If you like the idea of building a career in the fields of wellness and/or fitness, you’ll be happy to hear that there are several exciting options. An exercise science degree can be the perfect way to build the foundation you’ll need for a meaningful career – one that will allow you to make a difference in the lives of others by prioritizing their health and wellness.

The field of exercise science includes a range of different disciplines, including biomechanics, nutrition, sports psychology, motor control/development and more. Read on to learn about what this degree entails and how it could lead to a thriving career practicing exercise science.

What do you learn in an exercise science program?

An exercise science curriculum doesn’t just teach students about healthy workout practices and proper nutrition. Exercise science majors study the human body’s response to the stress of movement by examining the connections between exercise, nutrition and health.

A quality program will teach these principles through a combination of informative lectures, discussions, and hands-on learning experiences, according to Cindy Kidd, adjunct professor for the Mount Mary University (MMU) exercise science program. Students in this program, for example, will gain experience in the following:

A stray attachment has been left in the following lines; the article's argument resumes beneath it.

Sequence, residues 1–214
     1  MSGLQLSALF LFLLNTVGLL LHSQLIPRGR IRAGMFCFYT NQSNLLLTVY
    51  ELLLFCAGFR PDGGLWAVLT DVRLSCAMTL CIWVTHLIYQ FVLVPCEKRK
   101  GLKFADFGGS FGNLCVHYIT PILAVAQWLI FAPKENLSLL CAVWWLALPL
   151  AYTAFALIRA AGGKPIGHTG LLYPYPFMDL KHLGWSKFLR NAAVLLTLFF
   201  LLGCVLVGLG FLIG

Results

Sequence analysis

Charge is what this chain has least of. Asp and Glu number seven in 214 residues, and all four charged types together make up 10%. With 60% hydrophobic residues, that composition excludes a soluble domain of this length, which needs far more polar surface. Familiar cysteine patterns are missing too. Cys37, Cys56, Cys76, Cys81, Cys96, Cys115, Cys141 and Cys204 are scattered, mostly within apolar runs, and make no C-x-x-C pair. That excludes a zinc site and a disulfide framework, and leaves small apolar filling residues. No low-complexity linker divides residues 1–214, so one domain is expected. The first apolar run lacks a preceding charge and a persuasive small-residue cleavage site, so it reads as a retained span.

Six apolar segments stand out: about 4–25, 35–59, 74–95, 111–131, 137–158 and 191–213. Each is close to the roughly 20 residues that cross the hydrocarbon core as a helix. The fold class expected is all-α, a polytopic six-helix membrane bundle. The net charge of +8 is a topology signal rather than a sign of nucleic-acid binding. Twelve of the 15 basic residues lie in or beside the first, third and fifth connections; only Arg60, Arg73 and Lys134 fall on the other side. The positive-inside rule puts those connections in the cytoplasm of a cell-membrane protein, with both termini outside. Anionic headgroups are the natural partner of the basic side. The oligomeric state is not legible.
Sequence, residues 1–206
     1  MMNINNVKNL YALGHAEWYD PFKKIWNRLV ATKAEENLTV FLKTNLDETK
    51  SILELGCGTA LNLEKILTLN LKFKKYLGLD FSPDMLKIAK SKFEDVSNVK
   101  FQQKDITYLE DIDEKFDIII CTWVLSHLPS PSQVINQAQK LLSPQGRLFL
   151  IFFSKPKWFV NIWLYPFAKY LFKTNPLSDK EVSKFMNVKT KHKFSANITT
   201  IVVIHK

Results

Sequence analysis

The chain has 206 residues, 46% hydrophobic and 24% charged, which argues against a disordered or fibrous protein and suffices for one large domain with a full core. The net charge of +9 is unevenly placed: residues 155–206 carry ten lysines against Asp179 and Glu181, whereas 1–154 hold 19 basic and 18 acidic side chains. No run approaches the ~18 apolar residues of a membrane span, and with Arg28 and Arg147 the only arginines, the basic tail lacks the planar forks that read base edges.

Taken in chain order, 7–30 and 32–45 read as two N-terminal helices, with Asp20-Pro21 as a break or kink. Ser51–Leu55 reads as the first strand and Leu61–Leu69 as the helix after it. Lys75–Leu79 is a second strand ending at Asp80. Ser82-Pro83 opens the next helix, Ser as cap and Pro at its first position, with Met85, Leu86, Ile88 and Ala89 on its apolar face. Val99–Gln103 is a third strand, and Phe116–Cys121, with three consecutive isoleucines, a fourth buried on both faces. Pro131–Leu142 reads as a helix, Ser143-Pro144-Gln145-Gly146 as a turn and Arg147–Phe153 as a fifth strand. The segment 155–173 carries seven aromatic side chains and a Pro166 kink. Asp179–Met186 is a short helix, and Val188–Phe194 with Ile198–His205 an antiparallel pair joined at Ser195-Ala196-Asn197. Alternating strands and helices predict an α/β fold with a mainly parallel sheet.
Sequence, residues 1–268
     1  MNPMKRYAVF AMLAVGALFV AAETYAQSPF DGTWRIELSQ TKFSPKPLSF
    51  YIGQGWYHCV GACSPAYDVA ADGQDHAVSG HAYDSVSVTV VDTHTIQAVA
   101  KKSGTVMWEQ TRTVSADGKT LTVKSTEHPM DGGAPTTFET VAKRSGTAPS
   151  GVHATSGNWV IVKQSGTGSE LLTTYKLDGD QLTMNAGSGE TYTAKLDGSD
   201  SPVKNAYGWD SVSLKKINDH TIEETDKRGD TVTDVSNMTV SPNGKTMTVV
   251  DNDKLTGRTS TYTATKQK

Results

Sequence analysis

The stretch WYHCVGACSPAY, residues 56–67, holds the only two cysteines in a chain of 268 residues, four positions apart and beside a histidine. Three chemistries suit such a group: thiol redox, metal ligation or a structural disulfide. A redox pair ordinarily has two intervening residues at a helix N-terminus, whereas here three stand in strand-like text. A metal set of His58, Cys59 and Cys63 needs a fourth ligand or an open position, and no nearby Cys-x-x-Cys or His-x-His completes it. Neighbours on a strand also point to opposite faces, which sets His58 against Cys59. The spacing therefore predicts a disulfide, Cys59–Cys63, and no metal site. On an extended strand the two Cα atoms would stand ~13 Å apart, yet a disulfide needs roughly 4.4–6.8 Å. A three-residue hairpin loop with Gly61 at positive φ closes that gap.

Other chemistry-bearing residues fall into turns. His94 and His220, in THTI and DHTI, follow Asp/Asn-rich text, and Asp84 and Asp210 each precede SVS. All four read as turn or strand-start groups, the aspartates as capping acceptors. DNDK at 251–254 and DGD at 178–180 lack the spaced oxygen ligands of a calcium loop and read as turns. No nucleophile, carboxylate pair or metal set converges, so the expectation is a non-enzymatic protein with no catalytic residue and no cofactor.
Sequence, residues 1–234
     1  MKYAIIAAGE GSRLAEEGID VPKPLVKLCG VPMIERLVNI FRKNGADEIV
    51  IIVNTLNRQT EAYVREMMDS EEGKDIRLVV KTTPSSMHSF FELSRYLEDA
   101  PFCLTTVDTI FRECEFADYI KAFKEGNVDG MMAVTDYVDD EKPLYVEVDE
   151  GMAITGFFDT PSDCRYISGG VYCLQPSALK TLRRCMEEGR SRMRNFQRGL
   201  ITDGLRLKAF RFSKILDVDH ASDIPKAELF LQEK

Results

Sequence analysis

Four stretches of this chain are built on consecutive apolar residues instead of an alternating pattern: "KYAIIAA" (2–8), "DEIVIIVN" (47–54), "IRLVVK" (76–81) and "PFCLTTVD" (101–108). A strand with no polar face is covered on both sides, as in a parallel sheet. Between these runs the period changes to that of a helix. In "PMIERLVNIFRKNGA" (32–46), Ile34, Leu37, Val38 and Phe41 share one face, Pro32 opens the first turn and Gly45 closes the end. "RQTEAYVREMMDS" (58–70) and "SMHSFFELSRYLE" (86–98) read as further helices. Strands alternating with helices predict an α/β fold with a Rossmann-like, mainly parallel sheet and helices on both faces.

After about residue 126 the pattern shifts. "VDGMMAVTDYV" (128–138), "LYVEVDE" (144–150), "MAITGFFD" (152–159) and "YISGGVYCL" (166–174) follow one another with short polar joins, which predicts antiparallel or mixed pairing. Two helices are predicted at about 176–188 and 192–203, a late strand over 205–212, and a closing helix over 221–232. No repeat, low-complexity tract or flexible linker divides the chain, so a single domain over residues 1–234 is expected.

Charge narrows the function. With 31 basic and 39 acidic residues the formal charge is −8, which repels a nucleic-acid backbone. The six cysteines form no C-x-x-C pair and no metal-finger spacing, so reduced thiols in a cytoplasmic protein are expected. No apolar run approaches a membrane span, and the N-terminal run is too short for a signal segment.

• Science and psychology
  • Body mechanics and physiology
  • Exercise modes and monitoring physical responses for diverse populations
  • Professional standards for personal training and/or group exercise
  • Ethics and motivation of exercise science practices

This multifaceted training prepares graduates for several careers in exercise science because students are equipped to address growing needs in the areas of:

  • Metabolic diseases
  • Chronic diseases
  • Heart disease
  • Diabetes

The exercise science program at MMU takes this career preparation to the next level by offering students the opportunity to become certified to work professionally while they’re still working their way through their coursework. For example, the program leads to the following certifications:

  • National Academy of Sports Medicine: Personal Trainer Certification
  • Athletics and Fitness Association of America: Group Fitness Instructor Certification
  • American College of Sports Medicine: Exercise Physiologist Certification